Exxon Mobil Corp. added two new directors to its board Monday, as the beleaguered energy company tries to fend off calls for change from a pair of activist investors. The Texas oil company said activist investor Jeffrey Ubben would join its board, along with Michael Angelakis, the chief executive officer of Atairos Group and former chief financial officer of Comcast Corp.
Exxon CEO Darren Woods said the new directors were part of a continuing effort to refresh the company’s board and reflected ongoing talks it is having with investors. “If you look at the changes we’ve been making, they are in response to the changing role of the industry as we head to a lower-carbon economy,” Mr. Woods said in an interview.
Exxon’s stock price was up nearly 5% in afternoon trading Monday. Still, the board changes are unlikely to satisfy one of the activist investors targeting Exxon. Engine No. 1 LLC, an activist fund founded by technology investor Chris James late last year, said Monday that it is moving forward with a planned proxy fight for four board seats.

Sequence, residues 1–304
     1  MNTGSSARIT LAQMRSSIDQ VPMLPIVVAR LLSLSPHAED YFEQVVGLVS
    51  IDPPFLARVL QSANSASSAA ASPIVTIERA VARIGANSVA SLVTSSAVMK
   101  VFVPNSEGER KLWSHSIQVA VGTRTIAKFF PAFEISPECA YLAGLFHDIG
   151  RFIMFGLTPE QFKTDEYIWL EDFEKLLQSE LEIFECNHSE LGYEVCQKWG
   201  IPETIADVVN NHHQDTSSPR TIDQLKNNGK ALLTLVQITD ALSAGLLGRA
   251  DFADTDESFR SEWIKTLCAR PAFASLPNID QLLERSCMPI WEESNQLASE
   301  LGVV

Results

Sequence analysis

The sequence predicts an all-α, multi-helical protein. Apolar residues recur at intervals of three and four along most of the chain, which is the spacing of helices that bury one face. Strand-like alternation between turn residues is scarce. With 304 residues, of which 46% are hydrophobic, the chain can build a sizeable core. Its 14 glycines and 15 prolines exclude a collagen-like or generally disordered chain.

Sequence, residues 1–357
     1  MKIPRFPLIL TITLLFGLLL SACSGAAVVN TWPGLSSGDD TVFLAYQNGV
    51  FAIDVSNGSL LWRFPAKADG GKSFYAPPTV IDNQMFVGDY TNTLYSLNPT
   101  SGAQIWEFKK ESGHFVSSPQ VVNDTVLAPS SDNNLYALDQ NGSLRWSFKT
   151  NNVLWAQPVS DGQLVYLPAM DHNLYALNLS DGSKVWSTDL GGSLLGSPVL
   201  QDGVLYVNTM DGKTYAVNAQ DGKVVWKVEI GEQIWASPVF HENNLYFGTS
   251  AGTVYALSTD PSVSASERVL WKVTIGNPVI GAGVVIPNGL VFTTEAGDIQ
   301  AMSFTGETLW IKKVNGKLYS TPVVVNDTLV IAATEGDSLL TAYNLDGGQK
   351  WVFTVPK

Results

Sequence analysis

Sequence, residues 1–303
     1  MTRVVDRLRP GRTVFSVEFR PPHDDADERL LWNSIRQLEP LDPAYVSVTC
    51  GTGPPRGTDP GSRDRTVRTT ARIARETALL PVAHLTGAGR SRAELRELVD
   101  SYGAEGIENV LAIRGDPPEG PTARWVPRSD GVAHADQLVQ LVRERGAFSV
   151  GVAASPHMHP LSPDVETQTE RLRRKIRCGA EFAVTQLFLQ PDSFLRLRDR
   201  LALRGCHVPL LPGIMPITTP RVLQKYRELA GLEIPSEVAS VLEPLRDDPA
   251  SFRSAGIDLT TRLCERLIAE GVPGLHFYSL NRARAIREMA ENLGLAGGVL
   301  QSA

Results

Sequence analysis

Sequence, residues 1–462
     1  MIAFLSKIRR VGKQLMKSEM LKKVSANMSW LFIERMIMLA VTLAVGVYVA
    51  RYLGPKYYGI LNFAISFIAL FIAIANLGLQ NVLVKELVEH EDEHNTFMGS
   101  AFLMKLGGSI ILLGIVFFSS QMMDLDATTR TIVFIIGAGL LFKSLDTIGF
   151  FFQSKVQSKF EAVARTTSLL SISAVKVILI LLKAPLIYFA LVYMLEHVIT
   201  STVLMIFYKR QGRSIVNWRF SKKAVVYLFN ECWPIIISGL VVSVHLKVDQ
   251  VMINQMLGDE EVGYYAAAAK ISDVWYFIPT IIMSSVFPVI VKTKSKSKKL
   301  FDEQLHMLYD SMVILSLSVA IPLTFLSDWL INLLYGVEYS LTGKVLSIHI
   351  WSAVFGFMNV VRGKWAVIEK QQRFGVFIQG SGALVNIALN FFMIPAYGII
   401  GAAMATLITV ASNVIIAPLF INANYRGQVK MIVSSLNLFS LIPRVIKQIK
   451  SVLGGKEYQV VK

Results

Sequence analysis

Exxon posted a loss of $22 billion last year, its first annual loss in modern history, and some of the company’s largest investors have pressured it to disclose more about its carbon footprint and articulate a clearer energy transition strategy, as some countries attempt to wean themselves off fossil fuels.
Ubben founded Inclusive Capital Partners in 2020 after stepping away from ValueAct, the firm he founded in 2000. In his last few years at the firm, he oversaw ValueAct’s Spring Fund, which was focused on sustainable investing. Ubben is expected to become a significant Exxon shareholder over time, according to the sources. Ubben is no stranger to investing in oil and gas companies. While at ValueAct he took a stake in BP, saying traditional energy companies can belong in ESG portfolios.
Exxon has come under fire for failing to invest in the future of energy. Earlier this year, the company announced plans to invest $3 billion in carbon capture and other emissions-cutting technology.